It's a modestly up day on Wall Street Monday, but certain stocks are up a whole lot more than others. Investors appear particularly enthusiastic about retail clothiers, for example, with the following four notching big gains:
- Under Armour (UA 1.80%) (UAA 1.83%) stock is up 5.4% as of 2:30 p.m. EDT.
- Carter's (CRI 0.99%) is rising 10.4%.
- L Brands (BBWI 1.91%) has gained 11.5%.
- American Eagle Outfitters (AEO 3.13%) is flying 14.3% higher.
Why these four retailers in particular? Excellent question. Next question, please.
I jest of course, but only in part. Surveying the news feeds, it turns out there isn't any actual news to explain why these four retail clothing stocks in particular would be doing so very well today. And yet, if you pull back the camera a bit, there may be a reason why retail stocks in general should be performing well.
Specifically, the drumbeat of taxpayers demanding that the U.S. economy open up again after more than a month of coronavirus-inspired lockdowns is picking up. Last Friday, Oklahoma began allowing hair and nail salons, pet groomers, and spas to reopen. On Monday, the state of Georgia began slowly reopening its movie theaters, restaurants, hair salons, gyms, bowling alleys, and tattoo parlors, according to MarketWatch. New York Governor Andrew Cuomo is hoping to "unpause" the New York state economy on May 15 -- and Vice President Mike Pence thinks the COVID-19 crisis will be largely "behind us" by Memorial Day on May 25.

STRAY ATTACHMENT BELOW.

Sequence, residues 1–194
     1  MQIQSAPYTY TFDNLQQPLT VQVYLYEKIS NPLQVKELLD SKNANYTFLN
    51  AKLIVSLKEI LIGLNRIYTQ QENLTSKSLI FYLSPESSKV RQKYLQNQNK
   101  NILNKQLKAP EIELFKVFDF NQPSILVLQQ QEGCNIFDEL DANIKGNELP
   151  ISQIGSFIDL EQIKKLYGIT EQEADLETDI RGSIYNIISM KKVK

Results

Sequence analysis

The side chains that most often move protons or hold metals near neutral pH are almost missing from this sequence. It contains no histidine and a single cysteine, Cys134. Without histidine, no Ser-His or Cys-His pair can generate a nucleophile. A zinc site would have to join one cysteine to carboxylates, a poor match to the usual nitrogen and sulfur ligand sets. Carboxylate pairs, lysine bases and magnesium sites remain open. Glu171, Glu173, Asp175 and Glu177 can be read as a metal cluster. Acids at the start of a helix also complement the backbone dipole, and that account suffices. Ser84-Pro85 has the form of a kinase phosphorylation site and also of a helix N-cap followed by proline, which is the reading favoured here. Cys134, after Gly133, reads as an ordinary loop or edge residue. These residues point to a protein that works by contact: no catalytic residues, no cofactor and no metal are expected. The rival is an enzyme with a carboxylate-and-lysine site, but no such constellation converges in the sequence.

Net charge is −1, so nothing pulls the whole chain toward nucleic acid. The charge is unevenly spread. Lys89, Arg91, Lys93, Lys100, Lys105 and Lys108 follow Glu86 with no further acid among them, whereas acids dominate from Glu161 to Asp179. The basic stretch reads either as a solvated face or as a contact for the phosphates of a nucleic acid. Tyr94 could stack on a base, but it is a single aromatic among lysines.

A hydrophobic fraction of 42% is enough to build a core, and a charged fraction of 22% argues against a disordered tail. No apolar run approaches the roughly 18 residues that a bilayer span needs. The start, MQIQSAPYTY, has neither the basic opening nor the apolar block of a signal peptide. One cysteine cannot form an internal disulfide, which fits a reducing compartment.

All of this sounds like good news for folks who are hoping to see the economy emerge from its Great Lockdown to enjoy a "Great Reopen," in which workers can resume earning paychecks -- and spending them on discretionary consumer goods.
Still, a few words of caution are in order: None of the above examples of businesses reopening refer to clothing stores in particular. More broadly, while some government officials are talking about the economy beginning to open gradually, others -- Dr. Deborah Birx in particular -- are still cautioning that the phenomenon of "social distancing will be with us through the summer."
In the most optimistic scenario, therefore, this suggests we still have at least three to four months more of folks being largely confined to their homes, and even when they do go out shopping, doing so in smaller numbers than they did before this pandemic broke out. That doesn't bode well for a return to retailers' former levels of revenue and earnings returning anytime soon.
You wouldn't know it from how stock prices are performing today, but we're not out of these woods yet.